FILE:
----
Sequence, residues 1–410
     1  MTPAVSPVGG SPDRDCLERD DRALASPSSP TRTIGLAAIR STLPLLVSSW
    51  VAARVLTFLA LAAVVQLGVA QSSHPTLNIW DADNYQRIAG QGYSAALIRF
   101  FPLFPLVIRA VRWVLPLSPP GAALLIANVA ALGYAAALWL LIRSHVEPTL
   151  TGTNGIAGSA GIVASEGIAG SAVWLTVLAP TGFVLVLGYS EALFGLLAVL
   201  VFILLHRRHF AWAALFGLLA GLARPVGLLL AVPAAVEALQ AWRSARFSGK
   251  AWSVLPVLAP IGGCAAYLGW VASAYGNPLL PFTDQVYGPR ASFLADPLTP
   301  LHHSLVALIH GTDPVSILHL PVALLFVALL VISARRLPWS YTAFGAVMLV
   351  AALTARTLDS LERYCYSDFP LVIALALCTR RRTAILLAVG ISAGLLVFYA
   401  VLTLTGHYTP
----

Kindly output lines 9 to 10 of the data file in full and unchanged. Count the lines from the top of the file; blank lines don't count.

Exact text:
   351  AALTARTLDS LERYCYSDFP LVIALALCTR RRTAILLAVG ISAGLLVFYA
   401  VLTLTGHYTP